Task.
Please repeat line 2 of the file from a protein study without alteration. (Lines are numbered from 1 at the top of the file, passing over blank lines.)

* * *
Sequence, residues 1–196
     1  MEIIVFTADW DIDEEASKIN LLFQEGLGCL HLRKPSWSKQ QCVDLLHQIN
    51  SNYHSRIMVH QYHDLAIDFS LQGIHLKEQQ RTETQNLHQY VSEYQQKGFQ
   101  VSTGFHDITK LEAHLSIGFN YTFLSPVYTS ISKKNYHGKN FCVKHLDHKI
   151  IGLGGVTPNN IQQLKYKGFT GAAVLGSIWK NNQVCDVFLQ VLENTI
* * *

     1  MEIIVFTADW DIDEEASKIN LLFQEGLGCL HLRKPSWSKQ QCVDLLHQIN